Minnesota Lamb and Wool Producers Association Spring Sheep Workshop;
California Sheep Shearing and Basic Care 101 (March 29-April 4 dates);
Washington State Shearing School and Advanced Shearing School;
Ohio Statewide Sheep Shearing School;
Connecticut Sheep, Wool and Fiber Festival;
Maryland Sheep and Wool Festival;
Montana Lamb Jam.
If you know of other cancellations, please forward them to email@example.com.
Australian Wool Market Continues Recent Slide
The Australian wool market once again followed the trend of other global markets, suffering prolonged losses in Week 38.
Melbourne opened in isolation on the first selling day and from the opening lot it was apparent that buyers had significantly reduced their limits. By the end of the first day, the individual Micron Price Guides had fallen by 29 to 58 cents. The AWEX Eastern Market Indicator fell by 19 cents.
The losses continued into the second day, as buyers continually reduced their buying limits. The MPGs across the country fell by another 26 to 99 cents – the largest losses experienced in Sydney and Fremantle as these centers came into line with the Melbourne market. On the back of these large losses, the EMI dropped by 52 cents. This was the largest daily fall in the EMI since January.
The market continued downward on the final day, but not at the same rate of the previous two days as buyers became more confident of the new price levels. The Eastern MPGs lost a further 3 to 40 cents, with the EMI falling by 12 cents. The EMI lost 83 cents for the series, closing the week at 1,438 Australian cents.
This was the largest weekly fall in the EMI since October of last year. The EMI has now fallen for six consecutive selling days, falling by a total of 146 cents during this period. As the Australian dollar fell to its lowest point in 17 years, the fall in the EMI when viewed in USD terms was more significant. It dropped by 181 USc – a reduction of more than 18 percent.
The market did finish on a positive note. Selling last, the Fremantle region recorded increases in its MPGs of between 5 and 35 cents on the final day. Despite the losses, the national offering increases next week to 49,874 bales, with all three centers in operation.
Textile Groups See Manufacturing as Essential
United States textile and nonwoven associations – including the National Council of Textile Associations, of which the American Sheep Industry Association is a member – issued a joint statement Thursday urging federal, state and local governments to deem textile and nonwoven manufacturing facilities as “essential” when drafting “Shelter in Place” orders in response to the COVID-19 crisis.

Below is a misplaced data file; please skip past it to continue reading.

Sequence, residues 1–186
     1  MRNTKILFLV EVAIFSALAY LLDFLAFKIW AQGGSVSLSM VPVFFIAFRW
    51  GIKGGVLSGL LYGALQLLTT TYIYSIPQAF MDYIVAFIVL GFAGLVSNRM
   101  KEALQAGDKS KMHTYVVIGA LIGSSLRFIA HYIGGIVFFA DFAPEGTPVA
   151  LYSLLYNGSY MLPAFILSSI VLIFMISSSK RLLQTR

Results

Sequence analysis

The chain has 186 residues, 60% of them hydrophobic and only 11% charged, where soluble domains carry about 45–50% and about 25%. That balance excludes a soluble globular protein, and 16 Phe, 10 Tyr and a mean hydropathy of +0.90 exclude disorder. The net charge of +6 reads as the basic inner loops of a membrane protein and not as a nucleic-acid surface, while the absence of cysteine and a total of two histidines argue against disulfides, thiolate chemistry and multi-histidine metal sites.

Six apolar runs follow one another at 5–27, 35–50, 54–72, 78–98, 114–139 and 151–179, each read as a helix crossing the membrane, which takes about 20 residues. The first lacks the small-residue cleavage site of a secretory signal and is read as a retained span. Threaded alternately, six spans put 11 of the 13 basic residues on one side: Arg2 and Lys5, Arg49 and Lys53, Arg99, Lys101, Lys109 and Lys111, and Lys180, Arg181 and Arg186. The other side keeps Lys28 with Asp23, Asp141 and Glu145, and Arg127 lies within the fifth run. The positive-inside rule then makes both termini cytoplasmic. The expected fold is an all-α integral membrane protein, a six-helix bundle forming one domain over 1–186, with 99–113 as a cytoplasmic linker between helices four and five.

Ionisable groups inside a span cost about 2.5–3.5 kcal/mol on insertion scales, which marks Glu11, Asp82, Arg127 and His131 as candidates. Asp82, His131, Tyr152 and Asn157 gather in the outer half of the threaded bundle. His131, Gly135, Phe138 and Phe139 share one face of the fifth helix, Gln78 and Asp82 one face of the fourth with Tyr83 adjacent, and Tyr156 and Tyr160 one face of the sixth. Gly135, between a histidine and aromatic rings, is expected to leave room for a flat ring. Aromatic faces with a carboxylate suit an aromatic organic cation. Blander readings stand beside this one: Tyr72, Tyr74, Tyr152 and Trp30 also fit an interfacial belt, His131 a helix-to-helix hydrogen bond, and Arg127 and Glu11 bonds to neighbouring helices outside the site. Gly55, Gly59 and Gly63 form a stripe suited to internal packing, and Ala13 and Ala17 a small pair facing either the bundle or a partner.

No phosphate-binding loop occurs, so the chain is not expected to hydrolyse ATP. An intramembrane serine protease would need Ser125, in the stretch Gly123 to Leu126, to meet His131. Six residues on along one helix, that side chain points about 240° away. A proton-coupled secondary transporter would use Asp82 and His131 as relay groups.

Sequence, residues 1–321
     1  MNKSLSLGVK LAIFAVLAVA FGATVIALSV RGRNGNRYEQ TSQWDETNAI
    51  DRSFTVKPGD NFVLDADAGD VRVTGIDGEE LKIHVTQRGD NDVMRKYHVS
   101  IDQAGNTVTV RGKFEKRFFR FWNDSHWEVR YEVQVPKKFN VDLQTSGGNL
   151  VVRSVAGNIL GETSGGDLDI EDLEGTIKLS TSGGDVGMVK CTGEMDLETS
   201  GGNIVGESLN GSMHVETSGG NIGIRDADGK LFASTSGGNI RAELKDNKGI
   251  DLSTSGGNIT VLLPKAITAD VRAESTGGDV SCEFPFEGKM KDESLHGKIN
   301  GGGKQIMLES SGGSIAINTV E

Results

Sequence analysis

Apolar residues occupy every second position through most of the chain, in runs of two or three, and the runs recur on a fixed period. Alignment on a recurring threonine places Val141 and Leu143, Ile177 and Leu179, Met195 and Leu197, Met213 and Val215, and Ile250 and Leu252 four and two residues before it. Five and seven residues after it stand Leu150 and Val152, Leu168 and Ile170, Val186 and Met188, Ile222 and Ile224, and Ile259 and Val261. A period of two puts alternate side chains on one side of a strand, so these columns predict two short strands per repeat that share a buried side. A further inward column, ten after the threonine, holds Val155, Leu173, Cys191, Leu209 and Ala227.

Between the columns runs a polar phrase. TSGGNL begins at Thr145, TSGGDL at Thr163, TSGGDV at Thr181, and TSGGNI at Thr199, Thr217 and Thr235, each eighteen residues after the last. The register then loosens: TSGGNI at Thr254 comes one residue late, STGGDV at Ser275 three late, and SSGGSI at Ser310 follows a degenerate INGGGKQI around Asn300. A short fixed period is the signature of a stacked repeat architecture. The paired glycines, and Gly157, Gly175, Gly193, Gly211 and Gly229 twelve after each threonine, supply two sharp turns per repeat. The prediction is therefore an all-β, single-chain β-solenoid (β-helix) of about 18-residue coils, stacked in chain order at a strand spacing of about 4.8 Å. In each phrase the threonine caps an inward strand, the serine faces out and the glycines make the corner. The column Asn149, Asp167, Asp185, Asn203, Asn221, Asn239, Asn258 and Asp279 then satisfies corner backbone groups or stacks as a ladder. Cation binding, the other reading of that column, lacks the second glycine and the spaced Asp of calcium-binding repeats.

NCTO, the Industrial Fabrics Association International and the Association of the Nonwoven Fabrics Industry recognize the serious challenges elected officials, health administrators and others are facing when issuing orders to protect communities across the country and we understand the necessity for leaders to enforce a ‘Shelter in Place” order or quarantine orders.
Our members make a broad range of inputs and finished products used in an array of personal protective equipment and medical nonwoven/textile supplies, including surgical gowns, face masks, antibacterial wipes, lab coats, blood pressure cuffs, cotton swabs and hazmat suits. These items are vital to the government’s effort to ramp up emergency production of these critical supplies.
If workers who produce these goods are not granted an “essential” exemption from “Shelter in Place” and other quarantine orders to go to their manufacturing and distribution facilities, it will cause major disruptions in the availability of these goods. This will create significant hardship to healthcare providers and consumers across the country who depend on steady and stable supplies of these critical items.
We are asking the administration and state and local authorities to provide greater certainty and clarity for our companies and employees and ask for a clear exclusion of our manufacturing operations from “Shelter in Place” orders as the textile and nonwoven products that we make in the U.S. play an essential role in mitigating the shortages of critical supplies. Such a designation will help us avoid disruptions of vital goods and services during this challenging time.
- PRODUCER EDUCATION